Just ask this therapist: laughter is definitely the best medicineWritten by Caitlin Bowling
Teeheeheehee, yuk yuk yuk, ho ho ho, BAHAHAHA — no matter how you do it, laughter can boost your mood, lower your blood pressure and help prolong your life.
“It’s spontaneous; it’s contagious; it’s incredibly powerful,” said Cindy Miles, a certified laughter therapist based in Sylva.
These factors are some of the reasons Miles sought out laughter therapy training. Laughter therapy uses the positive benefits of genuine, mirthful chuckling to help alleviate problems such as stress, high blood pressure, lethargy and depression.
“It’s a very simple way to manage stress,” Miles said. “We know that laughter relaxes blood vessels.”
And, it’s cheap. The only cost is Miles’ time and training.
“It’s a way to get a powerful result with very little money,” she said.
Burns calories, increases blood flow to the brain, strengthens the immune system and releases endorphins are among the other listed benefits of laughter therapy.
“100 percent of the people who actively participate feel better,” Miles said.
Miles works for the Southwestern Commission Area Agency on Aging as family caregiver resource coordinator.
In her job, Miles sees strained caregivers ignoring their personal needs in order to support a disabled, terminally ill or elderly family member. As a result, caregivers report a deterioration of their health, higher rates of depression and poor eating habits. And, it is not uncommon for caregivers to die before the person they are assisting.
“One thing I encounter with family caregivers is they are so stressed,” she said.
A tenant of the therapy is that laughter begets laughter. By performing one of more than 100 different activities, laughter therapists’ goal is to trigger fits of guffaws, which lead to various degrees of side splitting, floor rolling and ebullient eye watering.
“They are designed to stimulate laughter (and) it’s better in a group setting,” she said.
Exercises include pretending to be laughter-powered airplanes or simply playing a clip of baby’s cracking up — something that, at the very least, is hard not to snicker at.
“Laughter ends up being the outcome,” she said.
One thing you won’t hear at a therapy session, however, is jokes.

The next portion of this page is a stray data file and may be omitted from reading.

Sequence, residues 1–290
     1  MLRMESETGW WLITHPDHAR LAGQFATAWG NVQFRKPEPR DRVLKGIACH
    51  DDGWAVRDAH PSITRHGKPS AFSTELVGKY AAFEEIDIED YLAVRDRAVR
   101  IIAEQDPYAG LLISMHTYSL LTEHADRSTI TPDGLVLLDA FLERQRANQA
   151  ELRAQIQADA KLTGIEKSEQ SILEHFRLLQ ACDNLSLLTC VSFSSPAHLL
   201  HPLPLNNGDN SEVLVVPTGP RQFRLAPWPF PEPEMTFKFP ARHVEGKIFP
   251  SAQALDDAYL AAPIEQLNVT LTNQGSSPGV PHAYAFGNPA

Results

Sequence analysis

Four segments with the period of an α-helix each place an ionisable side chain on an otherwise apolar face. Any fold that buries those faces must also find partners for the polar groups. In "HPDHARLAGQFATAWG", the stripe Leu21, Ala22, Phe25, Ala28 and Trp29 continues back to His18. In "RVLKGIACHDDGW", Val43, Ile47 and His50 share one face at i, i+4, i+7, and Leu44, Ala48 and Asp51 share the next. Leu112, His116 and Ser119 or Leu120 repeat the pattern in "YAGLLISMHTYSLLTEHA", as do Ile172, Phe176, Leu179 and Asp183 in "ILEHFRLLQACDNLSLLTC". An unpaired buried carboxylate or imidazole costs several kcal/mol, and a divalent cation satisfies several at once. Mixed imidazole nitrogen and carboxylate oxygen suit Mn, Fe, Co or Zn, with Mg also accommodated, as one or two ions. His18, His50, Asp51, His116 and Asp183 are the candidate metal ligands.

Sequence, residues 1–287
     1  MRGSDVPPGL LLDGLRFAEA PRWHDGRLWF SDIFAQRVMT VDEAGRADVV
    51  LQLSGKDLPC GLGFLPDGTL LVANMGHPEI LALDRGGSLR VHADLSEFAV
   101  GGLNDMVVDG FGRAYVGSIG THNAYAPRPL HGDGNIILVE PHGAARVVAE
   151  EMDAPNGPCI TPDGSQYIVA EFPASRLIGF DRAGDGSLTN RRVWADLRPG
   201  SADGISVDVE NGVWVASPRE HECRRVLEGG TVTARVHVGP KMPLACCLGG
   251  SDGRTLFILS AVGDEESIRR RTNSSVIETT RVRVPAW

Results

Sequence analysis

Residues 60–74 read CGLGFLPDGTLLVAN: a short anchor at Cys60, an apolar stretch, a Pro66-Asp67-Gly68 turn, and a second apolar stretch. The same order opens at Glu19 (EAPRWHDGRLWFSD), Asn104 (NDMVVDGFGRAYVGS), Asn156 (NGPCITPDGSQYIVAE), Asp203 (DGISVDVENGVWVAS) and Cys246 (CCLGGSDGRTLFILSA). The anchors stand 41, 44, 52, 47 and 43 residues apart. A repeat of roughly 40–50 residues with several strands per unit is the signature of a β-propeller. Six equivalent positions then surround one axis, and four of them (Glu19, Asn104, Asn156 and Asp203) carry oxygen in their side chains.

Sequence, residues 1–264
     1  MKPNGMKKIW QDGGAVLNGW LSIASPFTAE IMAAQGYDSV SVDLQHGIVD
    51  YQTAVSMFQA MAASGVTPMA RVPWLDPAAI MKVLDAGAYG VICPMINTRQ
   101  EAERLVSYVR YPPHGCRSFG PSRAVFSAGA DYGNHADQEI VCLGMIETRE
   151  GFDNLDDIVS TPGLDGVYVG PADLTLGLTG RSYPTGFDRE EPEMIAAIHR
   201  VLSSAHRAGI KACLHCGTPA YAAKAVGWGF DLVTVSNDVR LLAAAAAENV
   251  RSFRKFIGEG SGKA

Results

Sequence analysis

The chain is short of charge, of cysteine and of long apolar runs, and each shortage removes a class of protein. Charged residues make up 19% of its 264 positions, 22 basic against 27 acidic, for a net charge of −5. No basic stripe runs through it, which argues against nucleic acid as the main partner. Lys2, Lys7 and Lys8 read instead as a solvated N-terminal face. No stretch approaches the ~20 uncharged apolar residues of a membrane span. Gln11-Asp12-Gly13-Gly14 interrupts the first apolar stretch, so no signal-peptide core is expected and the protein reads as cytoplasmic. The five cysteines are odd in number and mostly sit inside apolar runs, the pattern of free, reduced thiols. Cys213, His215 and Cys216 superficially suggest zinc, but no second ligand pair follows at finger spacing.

Jokes are typically made at the expense of others, Miles said, adding that poking fun at other people is not condoned.
Laughter therapy has not only benefited the people Miles works with, but it has also improved her already cheery disposition.
“I am more mindful of the need to laugh,” she said.
Children giggle hundreds of times a day, Miles said, but as adults, people forget to chortle on a regular basis.
“If we get 15 laughs a day, we have a good day,” she said.
Miles said she has only encountered one Scrooge during her sessions. A police officer attended one of the events in full uniform and had trouble laughing because he was constrained by a bulletproof vest.
“He just could not bring himself to do it,” she said.
Otherwise, even people who have experienced a recent tragedy have been able to find humor and healing in Mile’s therapy sessions. Miles’ specifically recalled a woman who had lost her father the week prior chortling.
“I was just amazed that she was able to participate,” she said.
Spreading the cheer
Miles was first certified in 2010 and attained advanced certification a year later. She is one of about 6,000 laughter therapists certified by World Laughter Tour Inc., an organization founded by psychologist Steve Wilson. World Laughter Tour trains people and promotes the use of laughter therapy worldwide. Miles is the only laughter therapist in area, according to the organization’s website.
“I am pretty much it in this part of the state,” she said.
However, that could change in the next couple years after Miles completes the final level of training. Once she is named a master trainer, Miles can teach coworkers at the Southwestern Commission and people in similar position around the state how to lead laughter therapy sessions.
“After we saw how well it was received, we sent her for additional training,” said Mary Barker, director of the Southwestern Commission Area Agency on Aging. “I think it’s a great thing to relieve caregivers stress. They get so wound up in taking care they forget to take care of themselves.”
With more certified laughter therapists, the commission will be able to host more sessions and expose more people to its benefits.
“It is so popular that she can’t fill all the requests she is getting,” Barker said.
And at some point in the future the Southwestern Commission hopes to partner with a university to track the psychological and physical effects of laughter therapy.
“We are definitely looking at that, and the state is encouraging us to do that,” Barker said.